By: Clif Johnson
(Lifeword)
Aired on Jan 24, 2024
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Day by Day - 1 Samuel

The Great Escape
God providentially preserves and protects so His will is accomplished.   ~~~   Have you had to escape before? Several years ago Jimmy Walker and I were at a friend’s house during the day, when that friend wasn’t home. We were there to pick up a piece of furniture. So I stepped out of the truck and walked towards the home when all of a sudden a huge dog comes out of the garage running straight towards me, barking its head off. So I take off running across a field and finally find refuge in a storage building that just happened to be open. Have you ever had to escape before? Sometimes the escape happens and you didn’t even realize it, (like in DR, Tanzania, etc) much like what we saw in 1 Samuel 18. Several times King Saul tried to indirectly assassinate David, but was unsuccessful. David escaped without ever realizing he was being hunted. And the reality is that you have been saved and rescued and escaped by the providential protection of God more times than you would ever like to know. We have the events of 1 Samuel 18 woven into our lives. It probably happens every day. Satan is like a prowling lion, seeking whom he may devour, as are the demons under him. They want to trap you, catch you and destroy you. Temptation lurks around every feasible corner, waiting to ensnare you, and yet time and again you have been spared without even realizing it. But when you turn the page to 1 Samuel 19, there is no denying Saul’s intentions. And it becomes clear to us, as God’s people that sometimes the threat is direct, right in front of our faces, and we must deal with it. There are false teachers, false systems, and other people with godless agendas who want to silence us, the church; they want to silence you. They are threatened by righteousness, they are fearful of God’s agenda, and they will do all they can to stop it. In 1 Samuel 18, David was on the rise. But now in 1 Samuel 19 David is on the run. And in our text we are going to see the author display for his audience that God reigned over Saul’s downward spiral in sin in order to provide ways of escape, preserve David, so that David could fulfill God’s purpose. God providentially preserves, protects, so God’s will is accomplished.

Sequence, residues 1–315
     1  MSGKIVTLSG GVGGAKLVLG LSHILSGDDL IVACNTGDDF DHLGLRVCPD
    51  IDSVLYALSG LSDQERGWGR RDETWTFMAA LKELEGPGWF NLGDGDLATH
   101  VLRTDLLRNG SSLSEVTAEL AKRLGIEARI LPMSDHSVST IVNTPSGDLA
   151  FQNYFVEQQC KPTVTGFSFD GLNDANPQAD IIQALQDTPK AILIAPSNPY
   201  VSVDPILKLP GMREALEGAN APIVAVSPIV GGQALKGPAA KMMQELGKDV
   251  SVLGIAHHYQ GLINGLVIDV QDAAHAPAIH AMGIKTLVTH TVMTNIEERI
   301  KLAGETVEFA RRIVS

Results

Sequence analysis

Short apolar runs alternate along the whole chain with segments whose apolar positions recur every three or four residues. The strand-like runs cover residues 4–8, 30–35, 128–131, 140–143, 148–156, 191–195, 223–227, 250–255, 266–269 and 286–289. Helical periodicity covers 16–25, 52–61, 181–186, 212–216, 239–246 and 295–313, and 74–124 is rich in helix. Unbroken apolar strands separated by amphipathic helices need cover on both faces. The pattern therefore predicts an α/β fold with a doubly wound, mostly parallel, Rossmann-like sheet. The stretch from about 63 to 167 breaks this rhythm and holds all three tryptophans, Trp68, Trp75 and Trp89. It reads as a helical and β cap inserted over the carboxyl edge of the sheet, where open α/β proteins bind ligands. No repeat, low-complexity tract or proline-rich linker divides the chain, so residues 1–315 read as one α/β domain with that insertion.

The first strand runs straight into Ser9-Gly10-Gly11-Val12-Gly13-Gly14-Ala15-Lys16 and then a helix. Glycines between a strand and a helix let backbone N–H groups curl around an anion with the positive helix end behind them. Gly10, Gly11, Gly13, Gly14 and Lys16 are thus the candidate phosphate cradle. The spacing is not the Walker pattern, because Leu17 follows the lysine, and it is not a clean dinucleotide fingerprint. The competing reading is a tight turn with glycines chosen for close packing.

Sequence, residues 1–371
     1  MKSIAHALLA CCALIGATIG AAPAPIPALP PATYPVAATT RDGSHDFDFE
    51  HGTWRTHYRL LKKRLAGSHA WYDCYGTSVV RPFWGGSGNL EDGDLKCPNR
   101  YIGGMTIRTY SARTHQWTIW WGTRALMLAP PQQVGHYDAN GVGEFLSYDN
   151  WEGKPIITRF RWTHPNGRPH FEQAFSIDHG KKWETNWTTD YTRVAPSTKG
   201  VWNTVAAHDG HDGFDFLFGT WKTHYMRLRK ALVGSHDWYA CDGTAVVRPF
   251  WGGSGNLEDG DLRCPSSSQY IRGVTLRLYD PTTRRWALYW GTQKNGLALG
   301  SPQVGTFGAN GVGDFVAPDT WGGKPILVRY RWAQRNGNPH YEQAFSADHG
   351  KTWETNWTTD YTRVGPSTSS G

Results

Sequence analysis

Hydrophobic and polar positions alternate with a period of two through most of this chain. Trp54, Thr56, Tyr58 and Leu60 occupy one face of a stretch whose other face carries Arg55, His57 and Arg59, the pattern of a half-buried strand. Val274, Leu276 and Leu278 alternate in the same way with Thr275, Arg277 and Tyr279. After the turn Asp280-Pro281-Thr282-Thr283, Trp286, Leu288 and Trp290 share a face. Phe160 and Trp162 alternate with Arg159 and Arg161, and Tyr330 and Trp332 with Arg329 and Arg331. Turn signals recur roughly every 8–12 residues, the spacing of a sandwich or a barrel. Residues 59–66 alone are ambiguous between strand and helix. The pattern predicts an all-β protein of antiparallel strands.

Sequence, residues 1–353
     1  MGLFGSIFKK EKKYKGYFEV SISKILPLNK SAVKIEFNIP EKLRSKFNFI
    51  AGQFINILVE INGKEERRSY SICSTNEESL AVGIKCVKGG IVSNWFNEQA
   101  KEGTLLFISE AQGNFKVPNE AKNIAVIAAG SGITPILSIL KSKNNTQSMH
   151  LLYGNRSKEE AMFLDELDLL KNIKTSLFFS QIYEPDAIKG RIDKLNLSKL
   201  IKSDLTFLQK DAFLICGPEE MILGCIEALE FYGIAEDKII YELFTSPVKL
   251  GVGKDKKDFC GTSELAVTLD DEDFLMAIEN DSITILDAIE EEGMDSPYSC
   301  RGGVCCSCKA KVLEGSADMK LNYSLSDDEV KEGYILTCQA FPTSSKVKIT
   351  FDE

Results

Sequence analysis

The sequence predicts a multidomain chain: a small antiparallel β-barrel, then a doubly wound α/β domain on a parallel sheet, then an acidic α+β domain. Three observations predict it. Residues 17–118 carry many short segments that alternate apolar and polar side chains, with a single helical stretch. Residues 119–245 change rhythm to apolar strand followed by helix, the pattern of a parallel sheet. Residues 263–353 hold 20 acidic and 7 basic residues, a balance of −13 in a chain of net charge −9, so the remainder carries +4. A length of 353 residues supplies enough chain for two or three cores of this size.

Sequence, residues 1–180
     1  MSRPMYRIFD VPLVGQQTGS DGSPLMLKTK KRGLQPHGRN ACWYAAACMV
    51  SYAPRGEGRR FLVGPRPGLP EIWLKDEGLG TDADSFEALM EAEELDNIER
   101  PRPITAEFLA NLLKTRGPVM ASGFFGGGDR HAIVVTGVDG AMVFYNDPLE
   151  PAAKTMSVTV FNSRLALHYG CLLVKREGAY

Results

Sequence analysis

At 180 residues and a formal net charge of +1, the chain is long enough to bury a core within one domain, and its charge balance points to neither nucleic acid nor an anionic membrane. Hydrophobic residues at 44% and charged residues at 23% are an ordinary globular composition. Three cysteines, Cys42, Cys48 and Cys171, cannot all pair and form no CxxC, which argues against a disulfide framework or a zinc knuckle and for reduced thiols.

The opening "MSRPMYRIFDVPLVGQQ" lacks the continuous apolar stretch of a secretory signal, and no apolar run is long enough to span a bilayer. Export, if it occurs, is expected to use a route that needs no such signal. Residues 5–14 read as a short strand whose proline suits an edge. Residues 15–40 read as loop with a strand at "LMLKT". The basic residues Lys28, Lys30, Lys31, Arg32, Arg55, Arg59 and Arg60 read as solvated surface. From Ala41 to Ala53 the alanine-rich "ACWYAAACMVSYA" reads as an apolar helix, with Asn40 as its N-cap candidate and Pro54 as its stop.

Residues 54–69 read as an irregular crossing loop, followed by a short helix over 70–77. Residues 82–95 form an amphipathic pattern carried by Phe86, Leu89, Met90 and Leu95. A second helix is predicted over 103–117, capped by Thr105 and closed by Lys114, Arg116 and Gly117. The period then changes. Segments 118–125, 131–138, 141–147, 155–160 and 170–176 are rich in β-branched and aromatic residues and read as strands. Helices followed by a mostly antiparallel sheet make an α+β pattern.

By: Clif Johnson
(Lifeword)
Aired on Jan 23, 2024
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The Word of God is like a sword and we must learn how to properly use it.
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Aired on Jan 22, 2024